How Do I Decide Who to Consult With for My Procedure?
So, you want to have a breast augmentation. Or maybe a tummy tuck. Or maybe just some BOTOX® Cosmetic to help with those early wrinkles. There are 20 plastic surgeons and 15 med spas in your local area. How are you supposed to choose from them all? Do you go to the surgeon in town who has the most years under his/her belt…or is he/she so old that being on the cutting edge of the latest techniques is unlikely? Is the office with the sexiest billboard the best or the spa that has the best jingle on their radio ads? The answer is….maybe. The fact is that there are many great plastic surgeons and (I hate to even put this in writing) some med spas that can actually provide a valuable service. There is no one place that is perfect for every patient or customer. But certainly, some will be able to provide you with a higher certainty of satisfaction based on your specific goals. Here are three things to consider:
1. Check Out the Website
The website really can tell a lot about a surgeon and his/her office. What is being said may or may not be accurate, but something is being communicated. What I mean is that the surgeon with the best website is not necessarily the best surgeon. But a surgeon without much of a website might be a bit out of date. Or he/she might not have much to say to you. Or he/she simply might not put much emphasis on developing a website. It does say something. I do think that a surgeon with a great website is at least trying to communicate with you and feels that trying to connect with you is important…which it is. A website done well can give you a real feeling about a surgeon’s sense of aesthetics, personality, and even motivations. It can tell you about what is important to him/her, what drives him/her, and what he/she has done. It can give you a sense of whether the surgeon is an egomaniac or is rather more approachable. It might give you a sense of “Hollywood” or “Down to Earth.” Neither one is necessarily better than the other, but they are different. Hopefully, there will be something to give you an idea about his/her personality and whether or not you are likely to have a meaningful interaction with him/her in a consultation. It really is the first impression for a job interview, and you are the boss. Hopefully, the first impression is a good one.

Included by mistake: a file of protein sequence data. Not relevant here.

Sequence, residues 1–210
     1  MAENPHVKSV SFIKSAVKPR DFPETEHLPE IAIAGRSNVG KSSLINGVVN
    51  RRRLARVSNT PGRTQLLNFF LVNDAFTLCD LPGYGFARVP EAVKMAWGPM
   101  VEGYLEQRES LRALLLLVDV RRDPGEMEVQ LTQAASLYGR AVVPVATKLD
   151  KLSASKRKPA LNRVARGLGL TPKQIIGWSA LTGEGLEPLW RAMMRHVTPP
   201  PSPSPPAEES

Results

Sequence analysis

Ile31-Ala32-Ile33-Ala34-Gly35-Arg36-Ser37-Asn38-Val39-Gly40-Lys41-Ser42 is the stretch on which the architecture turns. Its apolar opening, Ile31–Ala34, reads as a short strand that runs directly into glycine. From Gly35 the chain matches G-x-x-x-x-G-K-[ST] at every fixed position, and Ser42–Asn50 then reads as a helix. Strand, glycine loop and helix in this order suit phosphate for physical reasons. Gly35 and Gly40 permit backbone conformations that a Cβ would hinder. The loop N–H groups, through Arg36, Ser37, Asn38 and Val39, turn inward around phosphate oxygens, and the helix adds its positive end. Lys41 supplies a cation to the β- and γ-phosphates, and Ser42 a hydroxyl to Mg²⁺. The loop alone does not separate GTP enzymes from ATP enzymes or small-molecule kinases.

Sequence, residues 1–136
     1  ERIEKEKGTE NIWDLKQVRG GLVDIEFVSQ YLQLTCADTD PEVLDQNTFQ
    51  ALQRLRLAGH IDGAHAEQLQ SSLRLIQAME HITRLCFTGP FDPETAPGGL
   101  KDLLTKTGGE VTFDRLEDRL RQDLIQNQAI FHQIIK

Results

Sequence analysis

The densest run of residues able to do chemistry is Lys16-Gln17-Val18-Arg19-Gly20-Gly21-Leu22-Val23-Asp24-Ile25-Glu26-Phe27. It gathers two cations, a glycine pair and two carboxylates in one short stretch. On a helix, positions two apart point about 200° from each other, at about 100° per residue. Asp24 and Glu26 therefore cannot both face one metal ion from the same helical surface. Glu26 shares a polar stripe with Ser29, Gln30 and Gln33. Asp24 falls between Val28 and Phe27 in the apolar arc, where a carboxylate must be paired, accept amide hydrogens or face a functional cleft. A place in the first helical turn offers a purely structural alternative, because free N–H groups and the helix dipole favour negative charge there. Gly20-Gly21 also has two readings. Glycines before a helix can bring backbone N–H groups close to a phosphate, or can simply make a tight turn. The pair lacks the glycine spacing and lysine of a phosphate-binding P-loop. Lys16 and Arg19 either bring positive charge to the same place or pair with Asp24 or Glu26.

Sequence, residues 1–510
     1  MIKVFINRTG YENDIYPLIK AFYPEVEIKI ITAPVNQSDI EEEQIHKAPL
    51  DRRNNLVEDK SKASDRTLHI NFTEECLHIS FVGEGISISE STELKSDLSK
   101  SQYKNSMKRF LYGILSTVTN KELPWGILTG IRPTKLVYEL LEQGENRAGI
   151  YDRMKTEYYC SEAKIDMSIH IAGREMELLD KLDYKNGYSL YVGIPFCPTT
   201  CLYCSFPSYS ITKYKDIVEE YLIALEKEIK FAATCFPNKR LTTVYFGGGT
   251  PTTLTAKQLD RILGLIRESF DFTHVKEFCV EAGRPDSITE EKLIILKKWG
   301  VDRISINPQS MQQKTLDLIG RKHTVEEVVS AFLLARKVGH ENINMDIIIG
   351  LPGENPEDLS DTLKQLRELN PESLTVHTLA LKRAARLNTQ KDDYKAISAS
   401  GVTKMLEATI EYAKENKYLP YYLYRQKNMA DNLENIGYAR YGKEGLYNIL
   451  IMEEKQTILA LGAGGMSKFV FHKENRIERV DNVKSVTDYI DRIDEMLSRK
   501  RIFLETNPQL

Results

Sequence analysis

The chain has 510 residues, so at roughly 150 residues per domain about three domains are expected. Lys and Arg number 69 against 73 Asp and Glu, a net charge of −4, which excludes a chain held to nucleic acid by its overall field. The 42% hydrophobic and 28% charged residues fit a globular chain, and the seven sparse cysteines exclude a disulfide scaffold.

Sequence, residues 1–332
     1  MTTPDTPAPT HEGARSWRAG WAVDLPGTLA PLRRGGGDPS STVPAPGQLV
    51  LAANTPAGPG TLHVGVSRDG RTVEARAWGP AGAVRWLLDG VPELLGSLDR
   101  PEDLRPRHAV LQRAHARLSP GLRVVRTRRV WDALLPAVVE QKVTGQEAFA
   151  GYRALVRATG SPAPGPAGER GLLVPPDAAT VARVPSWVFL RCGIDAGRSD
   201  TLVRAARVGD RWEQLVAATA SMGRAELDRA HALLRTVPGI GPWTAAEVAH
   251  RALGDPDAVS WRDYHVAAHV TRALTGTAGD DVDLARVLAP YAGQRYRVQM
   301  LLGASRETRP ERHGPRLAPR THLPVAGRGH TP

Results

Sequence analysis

2. Look at Before and After Photos
Before and after photos absolutely say a lot, and maybe more that you even know. The obvious thing is that they can display some element of surgical skill and technique to produce a certain result. But it can say even more. Look at before and after photos closely. Is the before photo of the liposuction patient enlarged and the after photo seemingly shrunk in a way that seems to enhance the result? If so, it says that the surgeon either is trying to fool you into thinking that the result is better than it really is or that they are just not very attentive to the details of objective photography. Are the pictures uniform and cropped similarly? If not, it doesn’t mean that the posting surgeon is not good at their craft, but it does suggest that their attention to detail may not be as strong as someone else’s. Are there 50 photos of breast implants and 2 of breast lifts? Lack of photos may not mean anything, or it could mean that either the procedure in question is not performed often or that results are not quite worth sharing.
3. Read Reviews
Like it or not, we are in the age of internet reviews. They are important. But they also need to be understood. At first glance, you would think that five-star ratings from ten different review sources must indicate a surgeon to be outstanding. They may be outstanding at their profession, or they may just be outstanding at developing and manipulating reviews. If you find a surgeon with an occasional bad review, you need not run away, at least not immediately. Sometimes a bad review here or there adds some believability to the other positive reviews. The fact is that there is no such thing as a great surgeon who hasn’t had a patient or two that wasn’t completed satisfied. And no surgeon is immune from patients that are simply difficult to please and may want to write something about their displeasures. But there certainly should not be a trend of unhappy patients with critical reviews of the surgeon that you are deciding upon. Don’t just look at the number of stars, but read the content. If you have decided on a surgeon and there are some questionable reviews, ask about them at your consultation. Sometimes, it is a great way to start a dialogue that can either confirm your concerns or maybe shed a different light on the issues.
Hopefully, these thoughts will help you. Next time, I will give some advice on what to consider once you have been to your consultation or consultations.
To schedule your consultation with board-certified plastic surgeon Dr. William T. Stoeckel, contact Wake Plastic Surgery by calling (919) 805-3441 or filling out our online contact form.